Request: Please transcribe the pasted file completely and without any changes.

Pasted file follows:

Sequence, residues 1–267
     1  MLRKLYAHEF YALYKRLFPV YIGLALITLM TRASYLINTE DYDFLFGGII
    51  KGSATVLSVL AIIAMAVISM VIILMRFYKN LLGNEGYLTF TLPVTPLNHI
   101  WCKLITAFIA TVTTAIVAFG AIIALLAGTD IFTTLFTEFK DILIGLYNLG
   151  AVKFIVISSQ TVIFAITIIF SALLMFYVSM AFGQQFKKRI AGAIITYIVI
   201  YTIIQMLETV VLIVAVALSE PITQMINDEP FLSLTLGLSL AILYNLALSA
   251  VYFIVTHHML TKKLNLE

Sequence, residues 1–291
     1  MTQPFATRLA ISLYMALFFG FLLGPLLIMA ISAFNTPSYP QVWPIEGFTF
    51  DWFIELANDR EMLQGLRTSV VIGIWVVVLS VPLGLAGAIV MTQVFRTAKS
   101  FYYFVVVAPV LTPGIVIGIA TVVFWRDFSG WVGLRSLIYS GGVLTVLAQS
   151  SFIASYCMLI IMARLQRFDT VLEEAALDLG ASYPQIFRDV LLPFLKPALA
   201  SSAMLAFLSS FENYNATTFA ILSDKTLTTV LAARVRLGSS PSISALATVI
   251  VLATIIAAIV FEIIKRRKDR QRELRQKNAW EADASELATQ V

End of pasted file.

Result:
Sequence, residues 1–267
     1  MLRKLYAHEF YALYKRLFPV YIGLALITLM TRASYLINTE DYDFLFGGII
    51  KGSATVLSVL AIIAMAVISM VIILMRFYKN LLGNEGYLTF TLPVTPLNHI
   101  WCKLITAFIA TVTTAIVAFG AIIALLAGTD IFTTLFTEFK DILIGLYNLG
   151  AVKFIVISSQ TVIFAITIIF SALLMFYVSM AFGQQFKKRI AGAIITYIVI
   201  YTIIQMLETV VLIVAVALSE PITQMINDEP FLSLTLGLSL AILYNLALSA
   251  VYFIVTHHML TKKLNLE

Sequence, residues 1–291
     1  MTQPFATRLA ISLYMALFFG FLLGPLLIMA ISAFNTPSYP QVWPIEGFTF
    51  DWFIELANDR EMLQGLRTSV VIGIWVVVLS VPLGLAGAIV MTQVFRTAKS
   101  FYYFVVVAPV LTPGIVIGIA TVVFWRDFSG WVGLRSLIYS GGVLTVLAQS
   151  SFIASYCMLI IMARLQRFDT VLEEAALDLG ASYPQIFRDV LLPFLKPALA
   201  SSAMLAFLSS FENYNATTFA ILSDKTLTTV LAARVRLGSS PSISALATVI
   251  VLATIIAAIV FEIIKRRKDR QRELRQKNAW EADASELATQ V